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World Cup Fever Hits the UK Energy Market!

football shirtsWe take it for granted whether at home or work and only really notice it when it doesn’t work or when the bill lands, but electricity is a critical element in all our lives. At some times more so than others. The average household or business could possibly live with a power cut in the middle of the night as the family are asleep or the business all locked up, but there are certain times when a power interruption will simply not do… rarely can this ever more be the case than during an England World Cup game!

Ok there are only ever likely to be 3 group games for the 3 Lions to tackle but the electricity networks, or more specifically National Grid, the controller of the pipes and wires of the UK energy infrastructure, need to be prepared throughout the tournament for England eventualities and spikes in demand.

“TV pick-ups” are the term for those instantaneous spikes in demand as the first half closes and the kettle kicks on, (or fridge opened more likely if past watching of England is anything to go by), the beer taps flow again and the computer cranks up to extol the displeasure at the latest anaemic showing from the boys in white.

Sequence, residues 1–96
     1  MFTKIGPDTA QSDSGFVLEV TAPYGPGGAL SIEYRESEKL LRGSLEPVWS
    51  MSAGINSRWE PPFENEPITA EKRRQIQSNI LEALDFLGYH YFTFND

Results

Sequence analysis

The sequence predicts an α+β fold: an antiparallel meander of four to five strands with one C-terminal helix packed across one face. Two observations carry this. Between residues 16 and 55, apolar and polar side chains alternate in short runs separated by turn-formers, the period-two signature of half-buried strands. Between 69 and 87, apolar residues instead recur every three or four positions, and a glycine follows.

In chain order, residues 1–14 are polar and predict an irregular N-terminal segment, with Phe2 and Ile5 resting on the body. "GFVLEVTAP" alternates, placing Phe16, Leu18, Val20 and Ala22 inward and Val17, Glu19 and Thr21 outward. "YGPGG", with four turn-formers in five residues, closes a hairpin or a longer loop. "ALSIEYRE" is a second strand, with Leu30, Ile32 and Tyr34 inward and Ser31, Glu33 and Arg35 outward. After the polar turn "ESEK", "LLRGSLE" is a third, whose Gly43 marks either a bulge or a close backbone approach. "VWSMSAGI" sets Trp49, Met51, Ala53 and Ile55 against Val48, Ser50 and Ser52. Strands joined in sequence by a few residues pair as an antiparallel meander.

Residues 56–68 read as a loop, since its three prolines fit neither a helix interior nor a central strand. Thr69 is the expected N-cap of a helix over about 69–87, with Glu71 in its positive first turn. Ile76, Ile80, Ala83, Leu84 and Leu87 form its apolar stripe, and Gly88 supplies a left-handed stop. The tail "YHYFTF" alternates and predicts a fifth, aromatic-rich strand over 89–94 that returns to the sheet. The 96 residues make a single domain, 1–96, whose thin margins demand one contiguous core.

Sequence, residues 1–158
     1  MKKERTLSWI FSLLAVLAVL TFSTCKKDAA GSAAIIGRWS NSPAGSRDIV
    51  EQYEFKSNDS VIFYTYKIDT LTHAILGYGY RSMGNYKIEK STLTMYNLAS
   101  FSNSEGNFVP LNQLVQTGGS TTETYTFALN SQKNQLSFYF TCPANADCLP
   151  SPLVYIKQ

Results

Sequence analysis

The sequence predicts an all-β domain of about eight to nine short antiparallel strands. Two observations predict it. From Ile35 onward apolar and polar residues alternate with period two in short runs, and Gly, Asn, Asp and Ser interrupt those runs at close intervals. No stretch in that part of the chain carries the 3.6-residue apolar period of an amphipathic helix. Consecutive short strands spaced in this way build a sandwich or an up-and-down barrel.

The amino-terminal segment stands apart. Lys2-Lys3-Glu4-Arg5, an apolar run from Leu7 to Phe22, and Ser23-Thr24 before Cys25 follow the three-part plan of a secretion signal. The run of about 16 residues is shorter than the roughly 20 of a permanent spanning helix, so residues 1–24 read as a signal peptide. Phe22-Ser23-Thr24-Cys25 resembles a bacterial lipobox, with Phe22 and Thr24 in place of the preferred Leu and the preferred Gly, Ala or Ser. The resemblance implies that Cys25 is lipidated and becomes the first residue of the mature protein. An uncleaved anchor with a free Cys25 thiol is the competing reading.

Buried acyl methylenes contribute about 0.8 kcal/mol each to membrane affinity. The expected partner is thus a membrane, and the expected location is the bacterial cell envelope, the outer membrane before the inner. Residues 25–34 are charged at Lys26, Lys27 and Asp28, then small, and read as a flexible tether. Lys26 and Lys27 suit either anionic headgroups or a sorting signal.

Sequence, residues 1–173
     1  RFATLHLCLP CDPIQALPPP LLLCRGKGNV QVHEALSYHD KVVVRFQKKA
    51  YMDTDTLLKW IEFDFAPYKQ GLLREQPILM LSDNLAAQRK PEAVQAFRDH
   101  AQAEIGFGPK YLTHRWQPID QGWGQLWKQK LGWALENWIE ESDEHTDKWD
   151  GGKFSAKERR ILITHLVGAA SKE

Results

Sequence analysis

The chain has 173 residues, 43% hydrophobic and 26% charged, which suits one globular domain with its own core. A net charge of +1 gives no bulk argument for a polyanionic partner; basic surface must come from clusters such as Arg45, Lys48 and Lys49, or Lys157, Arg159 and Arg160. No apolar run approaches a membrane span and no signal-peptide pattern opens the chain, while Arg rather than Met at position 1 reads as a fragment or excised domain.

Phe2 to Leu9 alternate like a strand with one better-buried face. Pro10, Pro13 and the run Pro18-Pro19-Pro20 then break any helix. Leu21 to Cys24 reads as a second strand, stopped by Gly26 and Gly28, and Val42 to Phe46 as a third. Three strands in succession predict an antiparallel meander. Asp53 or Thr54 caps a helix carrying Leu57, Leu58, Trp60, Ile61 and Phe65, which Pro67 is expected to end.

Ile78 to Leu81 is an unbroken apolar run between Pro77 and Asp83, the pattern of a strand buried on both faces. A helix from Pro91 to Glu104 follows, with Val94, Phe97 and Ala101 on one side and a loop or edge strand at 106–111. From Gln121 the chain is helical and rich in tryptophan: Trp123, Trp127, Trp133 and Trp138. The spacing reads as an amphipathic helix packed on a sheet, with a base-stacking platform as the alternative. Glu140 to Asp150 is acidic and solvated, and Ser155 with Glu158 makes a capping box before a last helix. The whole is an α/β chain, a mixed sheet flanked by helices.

The National Grid estimates that these TV pick-ups will demand an extra 2,800MW of power, the equivalent of 1 million kettles instantaneously and simultaneously being switched on.

That is a huge increase in demand and with mass electricity storage still some years away, the supply of additional energy needs to instantly match the demand, added time at the end of the first half can be the crucial factor in keeping the lights and match on or losing our connection to Brazil. A miscalculation by the boys at National Grid could spell curtains for Brazil 2014 on our screens.

A spokesman from National Grid explained:

“We are expecting lots of people to watch on television and we have a forecasting team of four or five working on this now. On the day there will be system managers in the room with them constantly watching and assessing demand. But ahead of that we will be forecasting the weather and trying to work out whether people will watch in the pub or at home so we can be ready to deal with the likely extra demand”

The time of day doesn’t impact the surge either, although half-time was 10am in the England v Brazil match in Japan 2002 (we lost, again), nearly 2,600MW was needed to cope with the demand spike.

In the event of a miscalculation however National Grid do have a back up plan known as the Short Term Operating Reserve (STOR) which is effectively a country-wide linked network of different generation sources, diesel, hydro and biomass plants which can provide short term boosts of 3,000MW where needed. Well that’s the theory anyway.

Let’s hope there’s not too much injury time at the end of the first half tomorrow or we might miss the point that England rise from the ashes and finally put in a performance to grace the shirt after all these years.

Or then again maybe not.

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